• It may help to have your thyroid checked by an integrative or complementary physician (a health care professional who is a practicing MD who has also studied, and implements learnings from, the field of alternative medicine). Dr. David Brownstein, author of several books on Thyroid problems and alternative solutions for healing the thyroid, cites research that shows that the dysfunctional thyroid can account for the inability to lose weight. He suggests that the usual thyroid tests do not always show up thyroid disease, and that other ("alternative") diagnostics are useful. Two signs of critical thyroid health are an enlarged tongue with grooves along the sides and eyebrows that have stopped growing hairs beyond a certain point. The usual "synthetic thyroxin" prescription might, in Brownstein's opinion, contribute to a worsening of thyroid symptoms overtime instead of healing. This of course can mean that weight problems may only lessen for a while and then will likely return. The person with snoring problems related to fat obstructions in the breathing area will be unlikely to overcome the problem without surgery, devices and/or a CPAP machine. And because our body functions as a system containing many systems, a healthy thyroid is a boon for general improved health.
  • Getting checked for other impediments to losing weight is also a good idea. If you are being treated for various health conditions with pharmaceutical drugs, some of these medications will also have weight gain as a 'side effect'.

Singing Away Snoring

In this brief youtube clip you can hear about the effects of having implemented a set of sung sounds at periodic times throughout the day. The video's narrators are a singer and her friend who snored. He implemented a couple of simple singing techniques and toned his throat and palate in only three months (with no devices or surgery).

Snoreless in the Alps?

This 3 1/2 minute video from the BBC (above) shows how playing a didgeridoo can work-out the throat muscles and exercise the breathing system. An interviewed man from Switzerland stated that he went from snoring and 27 sleep apneas an hour to no snoring, no apnea in 5- 6 months.

Music to Tame the Snore

Playing the 8-hour Youtube music above has appeared to do everything from stop the snoring completely to bring the more bothersome snoring sounds, pitch and volume down to a level that both the snorer and the sleep partner enjoy a much improved quality of sleep. A responsive video crew has arranged to present this relaxing meditative music free of any jarring commercial ads.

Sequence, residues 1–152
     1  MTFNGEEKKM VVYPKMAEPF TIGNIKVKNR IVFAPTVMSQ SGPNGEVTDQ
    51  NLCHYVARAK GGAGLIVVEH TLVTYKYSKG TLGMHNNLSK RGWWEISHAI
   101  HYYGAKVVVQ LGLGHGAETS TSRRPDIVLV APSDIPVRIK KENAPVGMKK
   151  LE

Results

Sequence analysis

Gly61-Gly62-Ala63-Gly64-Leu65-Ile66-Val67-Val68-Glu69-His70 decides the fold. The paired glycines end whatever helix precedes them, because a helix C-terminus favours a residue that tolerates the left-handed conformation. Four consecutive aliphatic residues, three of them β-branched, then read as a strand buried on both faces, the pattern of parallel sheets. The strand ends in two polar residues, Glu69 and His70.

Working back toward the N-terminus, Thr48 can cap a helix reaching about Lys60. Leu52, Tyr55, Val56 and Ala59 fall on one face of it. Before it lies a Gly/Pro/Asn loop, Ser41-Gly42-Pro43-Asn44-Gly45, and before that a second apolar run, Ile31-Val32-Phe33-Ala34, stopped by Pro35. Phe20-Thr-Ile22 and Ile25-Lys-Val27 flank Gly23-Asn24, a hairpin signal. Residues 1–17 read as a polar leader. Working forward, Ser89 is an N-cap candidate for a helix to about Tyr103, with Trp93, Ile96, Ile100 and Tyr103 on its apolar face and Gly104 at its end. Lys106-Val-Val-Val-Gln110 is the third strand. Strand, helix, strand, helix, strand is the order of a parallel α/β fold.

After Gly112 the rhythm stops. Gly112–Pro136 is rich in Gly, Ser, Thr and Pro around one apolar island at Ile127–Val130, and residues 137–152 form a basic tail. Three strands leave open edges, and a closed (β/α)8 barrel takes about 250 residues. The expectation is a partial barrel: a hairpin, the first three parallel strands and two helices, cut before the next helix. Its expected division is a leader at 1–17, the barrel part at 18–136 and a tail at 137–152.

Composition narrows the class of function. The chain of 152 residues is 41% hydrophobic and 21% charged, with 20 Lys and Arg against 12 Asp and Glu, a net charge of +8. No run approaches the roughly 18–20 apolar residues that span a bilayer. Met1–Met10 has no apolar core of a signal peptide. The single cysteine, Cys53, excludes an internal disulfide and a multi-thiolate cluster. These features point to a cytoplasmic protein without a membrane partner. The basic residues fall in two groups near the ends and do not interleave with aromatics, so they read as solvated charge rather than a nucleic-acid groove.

Please play this overnight video from their YT site HERE. If you were aided by this music, you might want to leave the developer some love/ positive feedback.

A good, uninterrupted sleep does wonders for your health and wellbeing. I hope that you find one or more of the tips above lead to reduction-- or even better-- cessation of snoring!

This content is accurate and true to the best of the author’s knowledge and is not meant to substitute for formal and individualized advice from a qualified professional.


Cynthia Zirkwitz (author) from Vancouver Island, Canada on July 18, 2016:

Dear Say Yes... Thank you for stopping by and commenting (and for patiently waiting for me to get back to you these six months... argh!) Cynthia

Yoleen Lucas from Big Island of Hawaii on January 14, 2016:

Excellent info! Voted up!

Cynthia Zirkwitz (author) from Vancouver Island, Canada on December 14, 2014:

Thank you for dropping by Graham-- I do hope your son-in-law is open to the suggestions in this hub because I have heard that they are effective (singing, for example) without being painful, invasive or annoying. Thank you also for the votes, etc. All the best! ~Cynthia

Graham Lee from Lancashire. England. on December 10, 2014:

Hi Cynthia. Thank you for this most informative hub. I will pass it to my daughter I am know she will be pleased to receive it. My son in law snores loudly all night every night, it seems the walls shake sometimes.

voted up and all.


Cynthia Zirkwitz (author) from Vancouver Island, Canada on October 06, 2014:

Dear Teaches, what an encouraging response! Thank you! I hope that some piece of this information is useful in helping you get a good night's sleep-- eliminating dairy is a big step! Good for you!